According to the I.S.P.C.C, we must always listen to the child and adapt a child centred approach. "It is every child's right to have a safe passage through childhood and it is every child's right to grow in health and safety free from intimidation, violence or degradation" (I.S.P.C.C mission statement) It is a parents' responsibility to the child that the above statement is implemented. In Ireland today there are many types of families, from large to small, one-child families, blended families, single parent, gay and lesbian families, however it is the relationship within these families that count. All of these have various types of families have varying parenting styles; however studies have shown that authoritative style of parenting is optimum for child development and helping them deal with experiences I.e. child abuse. It is within the family structure that children first experience social conflicts. Children also learn the language, skills and social and moral values to help them in life. A good family unit and capable parenting practices are essential for a child's stability. If a child is being abused, it is essential for them to know that they can talk to their families without being judged, and will receive the help and support they need while fostering in each child a sense of commitment and purpose which may be diminished through abuse. The authorative style of parenting is seen as optimum for child development and developing child resilience. Parents who use this style of parenting are warm, caring, responsive, attentive, patient, and sensitive to the child's needs. They make reasonable demands for maturity, and consistently enforce and explain them. They permit the child to make decisions in accordance with readiness, encourage the child to express thoughts, feelings and desires and when disagreements occur between the child and parent, they engage in joint decision making. (â€¦â€¦..) The child is well cared for and protected and therefore is better equipped to overcome negative experiences in their lives. I.e. child abuse. Symptoms or sign of child abuse are more likely to be identified by the parents who employ the authoritative child rearing style, symptoms such as secrecy, fear, guilt, powerless and mistrust. The number of adults in a household can also affect how a child will deal with certain situations. These two parent families are often more financially stable giving the child a better quality of life than one parent families and reducing the risk factors a child has to face. Along with parenting styles and family systems, lower social class, disadvantage and poverty are associated with risk factors for children. Children from such backgrounds have less support, guidance and are often vulnerable and exposed to abuse of some form. The counterbalance to risk is the concept of resilience. All of what I have mentioned so far helps strengthen or weaken a child's resilience to overcome experiences. I.e. child abuse. "The more levels of risk a child is exposed to the greater their overall risk" (Greenberg et al, 2001) Therefore we should keep in mind the child centeredness approach to reduce these risks and help strengthen a child's resilience. Along with individual characteristics, family and parental structures, school is an important factor in promoting resilience. A warm caring relationship with peers and teachers in school, the existence of high expectations and the opportunity to participate and take responsibility in the school environment will benefit a child overcome negative experiences. Cultural factors can also support children. The FSCEP project demonstrates ways in which schools, families and communities can work together to support children. The building of trust within these communities and for the child is essential. If a child is being abused, they will always have someone with whom they trust and can confide in. Werner's and Smiths (1989) study found that among the most frequently encountered positive role models in the lives of resilient children, outside the family circle, was a favourite teacher. (â€¦â€¦) These teachers acted as a positive model for personal identification and gave youth the motivation for wanting to succeed. High expectations by teachers and schools show high rates of academic success in students, lower rates of behavioural problems and students begin to believe in themselves, therefore strengthening resilience. "Research shows that when schools are places where the basic human needs for support, respect and belonging are met, motivation for learning is fostered. Reciprocal caring, respectful and participatory relationships are the critical determining factors in whether student learns, whether parents become and stay involved in the school, whether a program or strategy is effective, whether an education is sustained, and ultimately, whether a youth feels he or she has a place in society". (Bernard. B, 1995) These schools can act as a "protective shield" for students and a beacon of light for youth from troubled homes, impoverished communities and those suffering the effects of chid abuse.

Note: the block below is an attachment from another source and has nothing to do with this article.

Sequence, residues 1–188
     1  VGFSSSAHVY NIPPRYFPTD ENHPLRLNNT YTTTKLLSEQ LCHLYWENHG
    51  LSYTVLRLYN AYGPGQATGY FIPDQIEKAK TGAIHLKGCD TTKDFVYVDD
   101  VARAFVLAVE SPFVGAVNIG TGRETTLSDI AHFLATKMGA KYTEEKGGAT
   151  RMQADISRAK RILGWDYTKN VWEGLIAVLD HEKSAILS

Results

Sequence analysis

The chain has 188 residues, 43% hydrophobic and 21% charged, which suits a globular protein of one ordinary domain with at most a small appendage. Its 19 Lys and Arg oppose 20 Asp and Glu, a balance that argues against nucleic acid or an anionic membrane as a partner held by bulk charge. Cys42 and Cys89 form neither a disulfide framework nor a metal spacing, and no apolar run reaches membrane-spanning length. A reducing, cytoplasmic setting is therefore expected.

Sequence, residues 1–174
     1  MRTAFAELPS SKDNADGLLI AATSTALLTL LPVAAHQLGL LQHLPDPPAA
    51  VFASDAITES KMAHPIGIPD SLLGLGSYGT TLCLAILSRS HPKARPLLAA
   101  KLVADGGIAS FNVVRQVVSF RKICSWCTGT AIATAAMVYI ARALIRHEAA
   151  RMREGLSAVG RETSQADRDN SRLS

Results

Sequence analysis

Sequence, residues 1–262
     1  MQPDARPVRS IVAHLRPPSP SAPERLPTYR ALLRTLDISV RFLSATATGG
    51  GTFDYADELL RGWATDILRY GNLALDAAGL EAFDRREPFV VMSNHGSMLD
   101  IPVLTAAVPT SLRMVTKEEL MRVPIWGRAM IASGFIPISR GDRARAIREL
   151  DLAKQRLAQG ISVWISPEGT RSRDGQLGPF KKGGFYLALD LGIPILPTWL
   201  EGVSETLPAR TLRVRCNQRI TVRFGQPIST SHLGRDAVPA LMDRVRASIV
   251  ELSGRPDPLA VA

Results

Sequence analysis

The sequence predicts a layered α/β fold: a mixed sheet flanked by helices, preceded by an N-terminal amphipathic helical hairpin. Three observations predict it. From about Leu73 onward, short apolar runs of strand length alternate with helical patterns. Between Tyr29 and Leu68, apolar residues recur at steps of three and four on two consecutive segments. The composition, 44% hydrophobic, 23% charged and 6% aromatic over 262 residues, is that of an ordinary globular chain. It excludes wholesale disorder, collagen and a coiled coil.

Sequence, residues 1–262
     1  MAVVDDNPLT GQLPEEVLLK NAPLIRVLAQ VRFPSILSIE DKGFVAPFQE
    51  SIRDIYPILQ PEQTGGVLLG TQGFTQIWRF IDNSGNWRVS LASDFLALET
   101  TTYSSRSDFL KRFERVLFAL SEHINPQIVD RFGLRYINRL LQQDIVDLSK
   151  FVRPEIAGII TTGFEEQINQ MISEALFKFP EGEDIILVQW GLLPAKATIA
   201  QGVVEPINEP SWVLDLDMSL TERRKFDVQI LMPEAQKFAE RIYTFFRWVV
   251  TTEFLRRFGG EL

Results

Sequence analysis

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Overall, as preventionists to any form of child abuse, we must foster a child's development and help reduce the risk factors a child is exposed to, to help them survive experiences such as abuse. As once quoted "There is no better antidote for resilience in children than their belief that the world is a positive place, and that they can accomplish what they want, and gain satisfaction from life" (Bernard. B, 1995)